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"Come, Follow Me" Tips for Every Latter-day Saint to Make the Curriculum More Meaningful

Recently, I saw a creative idea on Facebook about how to incorporate Come, Follow Me into ordinary, daily. Jessica Dyer posted that she creates a topic jar, writing down headings or questions from each weeks' lesson, and pulls out a slip of paper at dinner or other random times through the week.

For me, the struggle with Come, Follow Me has been how I can use this resource in a way that feels genuine to my family and our situation. I know that the majority of the members of the Church have family and living situations that don't look like a mom and dad with their happy children gathered around on the couch. Many are divorced, single, members of blended families, LGBTQ, childless, the only member of their family, or struggling with doubt, depression, anxiety, heavy workloads, balancing life's demands, etc.

► You'll also like: One Surprising Tip My Bishop Gave That Has Made All the Difference in My "Come, Follow Me" Study

After reading Jessica's post, it made me wonder: How are other people incorporating the curriculum in ways that work best for them? How can their examples spark my own ideas?

So I turned to our readers on Facebook, and they had some fascinating insights. (If you have others to share, I would love to hear them. Please email them in to newstips@ldsliving.com.)

Here are just a few ways members of the Church have incorporated Come, Follow Me into their lives. Whatever your situation, I hope these can provide some inspiration as you find what works best for your family:

Editor's note: The following responses have been edited for length and clarity.

Allison Heaton: We have small kids so we break it up and do a section each night with a longer review session on Sundays. It’s been amazing!!! My kids . . . they know at 8:30 they are on the couch with their scriptures and study guides and the are so eager to learn! It’s really changed the spirit in our home!

Tara Simmons West: Do what you can, when you can!

Mary McMullen Wright: I take my manual to work with me and study during the slow times on the job or on breaks. I write all over my book in pencil and then when we cover the lesson on Sunday I make my new insights in pen.


Michelle Callister Burk Our family mirrors the phone onto the TV, and we read it straight from LDS Tools. It’s so fantastic to bounce back-and-forth between the curriculum and the Scriptures looking them up immediately, all ages can read and take turns, the videos play automatically. We try to do a little section every night for 10 to 15 minutes. It’s awesome!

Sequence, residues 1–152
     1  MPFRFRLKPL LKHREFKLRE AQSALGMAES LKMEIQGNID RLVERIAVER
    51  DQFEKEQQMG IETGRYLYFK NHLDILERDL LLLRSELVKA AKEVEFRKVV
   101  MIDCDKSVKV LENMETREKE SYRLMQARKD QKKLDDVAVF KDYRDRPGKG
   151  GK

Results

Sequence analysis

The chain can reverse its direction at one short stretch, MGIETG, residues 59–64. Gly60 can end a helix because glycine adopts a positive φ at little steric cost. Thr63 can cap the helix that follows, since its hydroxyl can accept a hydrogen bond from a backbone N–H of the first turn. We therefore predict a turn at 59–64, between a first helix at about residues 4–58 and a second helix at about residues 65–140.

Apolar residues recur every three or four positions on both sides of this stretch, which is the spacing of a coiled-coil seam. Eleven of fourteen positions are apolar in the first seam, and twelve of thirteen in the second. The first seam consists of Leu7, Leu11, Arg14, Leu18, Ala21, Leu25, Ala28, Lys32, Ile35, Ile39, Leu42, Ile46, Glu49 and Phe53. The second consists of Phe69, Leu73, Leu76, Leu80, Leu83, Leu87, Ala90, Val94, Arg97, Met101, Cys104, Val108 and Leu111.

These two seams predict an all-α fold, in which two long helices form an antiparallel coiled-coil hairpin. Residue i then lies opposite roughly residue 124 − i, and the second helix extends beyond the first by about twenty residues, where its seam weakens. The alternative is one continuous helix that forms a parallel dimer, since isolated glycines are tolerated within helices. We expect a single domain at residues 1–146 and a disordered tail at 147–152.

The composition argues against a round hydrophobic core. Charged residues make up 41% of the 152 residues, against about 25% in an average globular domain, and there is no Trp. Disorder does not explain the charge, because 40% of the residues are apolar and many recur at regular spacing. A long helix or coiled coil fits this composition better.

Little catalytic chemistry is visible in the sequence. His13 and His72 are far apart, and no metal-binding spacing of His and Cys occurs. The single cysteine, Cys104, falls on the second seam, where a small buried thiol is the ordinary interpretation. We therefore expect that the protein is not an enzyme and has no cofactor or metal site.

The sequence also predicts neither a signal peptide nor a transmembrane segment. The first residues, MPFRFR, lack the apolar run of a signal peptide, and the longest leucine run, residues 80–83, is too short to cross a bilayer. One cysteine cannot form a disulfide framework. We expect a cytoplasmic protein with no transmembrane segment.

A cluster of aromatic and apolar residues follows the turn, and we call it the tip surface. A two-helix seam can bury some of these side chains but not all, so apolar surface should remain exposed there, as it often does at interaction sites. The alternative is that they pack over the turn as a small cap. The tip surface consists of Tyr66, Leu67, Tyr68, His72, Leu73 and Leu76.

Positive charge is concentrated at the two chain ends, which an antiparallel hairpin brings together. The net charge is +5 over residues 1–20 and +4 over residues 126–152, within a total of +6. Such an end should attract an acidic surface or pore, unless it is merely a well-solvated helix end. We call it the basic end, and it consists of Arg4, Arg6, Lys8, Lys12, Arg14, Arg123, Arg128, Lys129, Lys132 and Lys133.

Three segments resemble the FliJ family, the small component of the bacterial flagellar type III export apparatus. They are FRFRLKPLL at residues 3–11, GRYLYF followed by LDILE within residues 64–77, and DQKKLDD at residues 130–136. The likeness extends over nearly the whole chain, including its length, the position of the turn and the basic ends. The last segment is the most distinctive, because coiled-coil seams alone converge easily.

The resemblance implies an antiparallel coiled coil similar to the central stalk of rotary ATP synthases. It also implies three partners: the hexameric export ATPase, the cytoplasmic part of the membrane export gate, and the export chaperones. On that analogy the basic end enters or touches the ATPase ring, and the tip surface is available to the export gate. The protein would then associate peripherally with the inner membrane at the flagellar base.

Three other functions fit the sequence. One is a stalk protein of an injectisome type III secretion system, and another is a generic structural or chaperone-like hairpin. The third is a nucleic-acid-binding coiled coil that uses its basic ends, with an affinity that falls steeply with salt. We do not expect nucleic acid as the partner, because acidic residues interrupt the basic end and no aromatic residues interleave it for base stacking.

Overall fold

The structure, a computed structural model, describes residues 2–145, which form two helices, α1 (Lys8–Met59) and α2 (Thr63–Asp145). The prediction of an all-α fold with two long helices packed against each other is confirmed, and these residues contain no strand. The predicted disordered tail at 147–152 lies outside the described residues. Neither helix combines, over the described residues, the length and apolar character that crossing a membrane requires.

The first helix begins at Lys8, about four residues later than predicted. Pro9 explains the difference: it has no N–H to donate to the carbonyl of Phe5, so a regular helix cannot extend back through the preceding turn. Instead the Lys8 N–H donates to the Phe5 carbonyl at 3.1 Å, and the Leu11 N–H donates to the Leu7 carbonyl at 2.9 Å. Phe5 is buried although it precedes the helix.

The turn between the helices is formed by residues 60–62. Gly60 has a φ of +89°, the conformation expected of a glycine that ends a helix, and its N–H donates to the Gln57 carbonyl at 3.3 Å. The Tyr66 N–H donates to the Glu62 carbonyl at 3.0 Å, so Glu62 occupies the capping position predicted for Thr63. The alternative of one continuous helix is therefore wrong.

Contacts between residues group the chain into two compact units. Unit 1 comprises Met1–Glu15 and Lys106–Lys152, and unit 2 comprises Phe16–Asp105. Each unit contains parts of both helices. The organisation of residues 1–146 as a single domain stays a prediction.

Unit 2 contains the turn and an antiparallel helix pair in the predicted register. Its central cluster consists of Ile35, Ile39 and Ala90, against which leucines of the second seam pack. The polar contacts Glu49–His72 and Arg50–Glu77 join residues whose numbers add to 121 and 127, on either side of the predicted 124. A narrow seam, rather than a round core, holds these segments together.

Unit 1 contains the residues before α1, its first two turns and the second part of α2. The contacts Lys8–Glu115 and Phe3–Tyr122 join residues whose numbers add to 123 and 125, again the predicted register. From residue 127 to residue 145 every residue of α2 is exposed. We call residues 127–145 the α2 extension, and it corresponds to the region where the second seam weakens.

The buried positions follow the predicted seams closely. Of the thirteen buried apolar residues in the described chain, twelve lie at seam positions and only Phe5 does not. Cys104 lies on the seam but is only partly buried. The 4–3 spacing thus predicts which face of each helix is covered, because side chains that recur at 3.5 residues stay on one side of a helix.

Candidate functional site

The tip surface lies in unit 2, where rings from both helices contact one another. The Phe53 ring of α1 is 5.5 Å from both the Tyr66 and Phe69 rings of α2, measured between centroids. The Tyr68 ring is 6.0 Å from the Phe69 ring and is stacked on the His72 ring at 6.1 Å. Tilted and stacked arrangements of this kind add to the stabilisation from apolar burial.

Deneigh Fletcher Candland We have a designated basket/area for all our materials so we aren’t wasting time looking for everything each night. And yes we do a little each night because we have a 6 year old and a baby so our attention span is short and sweet!


Jeannette Croushore DeGraffenried On Mondays we tell the topic and scriptures for the week. We read the first part then assign each of the kids a section to teach about. Then on Sunday each person teaches their section and we discuss it.

Lauri Dory Farr: I love using conference talks on topics.

Annette Ash: Sunday evening at 6 with all our children, nephew, and grandchildren, we take turns facilitating the discussions. This occurs after we have all enjoyed a meal together. After the discussion is dessert.

Annette Atwood We bought notebooks at the dollar store. Each day we have a portion of the lesson and record the date, day's topic or scripture and write how we feel and what we think about the topic. We set goals related to the topic for that week. Saturday we have family testimony meeting.

Elina Hanson Brown: We've chosen three nights per week to do it. One family member is assigned the night and chooses something from the week's reading to read and discuss together. We keep it generally short and simple.

Shelly Hale: My husband and I read the scriptures and talk about the lesson segments on Sunday. During the week we attend a study group with friends as well as talk about additional resources—articles, podcasts, Bible Dictionary, etc.—that we read or hear almost daily. It is broadening our gospel study and especially helping me as a gospel teacher.

Chavon Schweichler-Fryske: Just do it!! I think sometimes we over think things. Just start and it will naturally become integrated! 

Whitney Laub: My sister-in-law and I have a blog and Instagram and Facebook page so we can share our ideas with friends and family and give encouragement! We do it whenever we can find the time! 

Stephen Pettegrew: Pray and then start.

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